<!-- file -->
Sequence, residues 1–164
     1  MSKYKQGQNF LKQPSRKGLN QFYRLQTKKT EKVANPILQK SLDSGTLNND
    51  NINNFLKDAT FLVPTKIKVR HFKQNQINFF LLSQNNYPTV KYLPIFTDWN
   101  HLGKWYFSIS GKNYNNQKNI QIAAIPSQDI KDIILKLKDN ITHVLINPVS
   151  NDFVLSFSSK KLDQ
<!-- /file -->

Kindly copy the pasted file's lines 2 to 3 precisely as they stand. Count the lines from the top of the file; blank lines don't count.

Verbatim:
     1  MSKYKQGQNF LKQPSRKGLN QFYRLQTKKT EKVANPILQK SLDSGTLNND
    51  NINNFLKDAT FLVPTKIKVR HFKQNQINFF LLSQNNYPTV KYLPIFTDWN